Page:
By Mary de Wet
Capstone Copper Corp. said it has seen a decline in input costs, such as sulphuric acid and diesel prices, in the third quarter.
On its outlook:
The Canadian copper miner said it has take action in light of the recent drop in copper prices, including reducing capital guidance by $40 million, mainly at its Santo Domingo and Pinto Valley operations, and putting copper hedges in place for 36,000 metric tons with a weighted average price of $3.73 a pound for the second half of the year, which would protect all of the expected oxide production.
“In addition, key input costs for acid, fuel and freight are starting to decline in Q3 2022,” Capstone said.
“We are now seeing signs of declining sulphuric acid and diesel prices,” Chief Executive John MacKenzie said.
The company maintained its guidance of 136,000 to 150,000 metric tons of copper production for the nine months from April 1 to Dec. 31.
On its second quarter:
Capstone produced 45,200 metric tons of copper, up from 19,600 tons in the year-ago quarter, as the results included a full quarter of production for the Mantos Blancos and Mantoverde mines.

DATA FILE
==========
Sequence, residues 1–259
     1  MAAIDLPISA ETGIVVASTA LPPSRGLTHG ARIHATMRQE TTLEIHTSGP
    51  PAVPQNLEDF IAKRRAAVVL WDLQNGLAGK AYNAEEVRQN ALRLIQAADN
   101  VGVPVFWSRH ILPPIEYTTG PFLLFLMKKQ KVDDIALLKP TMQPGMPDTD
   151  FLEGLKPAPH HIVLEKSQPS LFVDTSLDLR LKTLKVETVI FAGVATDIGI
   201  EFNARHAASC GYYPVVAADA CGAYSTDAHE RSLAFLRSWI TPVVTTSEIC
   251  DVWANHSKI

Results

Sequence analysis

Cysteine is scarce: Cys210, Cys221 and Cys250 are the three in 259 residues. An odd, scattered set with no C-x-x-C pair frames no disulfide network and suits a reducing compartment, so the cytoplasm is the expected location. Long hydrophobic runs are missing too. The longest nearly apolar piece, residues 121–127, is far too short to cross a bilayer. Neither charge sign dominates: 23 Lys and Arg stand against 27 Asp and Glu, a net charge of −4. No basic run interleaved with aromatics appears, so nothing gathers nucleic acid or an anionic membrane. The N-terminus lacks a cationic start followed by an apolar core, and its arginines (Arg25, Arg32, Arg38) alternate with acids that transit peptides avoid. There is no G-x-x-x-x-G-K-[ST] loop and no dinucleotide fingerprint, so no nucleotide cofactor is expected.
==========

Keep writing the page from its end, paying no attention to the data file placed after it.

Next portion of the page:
On the Mantoverde Development Project:
“We expect completion of the MVDP to increase production from approximately 49,000 tonnes of copper (cathodes only) in our current guidance for the period from April to December 2022 (annualized) to 120,000 tonnes of copper (copper concentrate and cathodes) post project completion in 2024,” Capstone said.
“The mine will also benefit from the production of approximately 31,000 ounces of gold per year that will generate by-product credits. Upon completion of MVDP, approximately 75% of Mantoverde’s production will come from the lower-cost sulphide copper.”
“As of June 30, 2022, the MVDP had achieved overall progress of 58% and construction progress of 25% and the schedule remains intact and the target for construction completion remains late 2023.”
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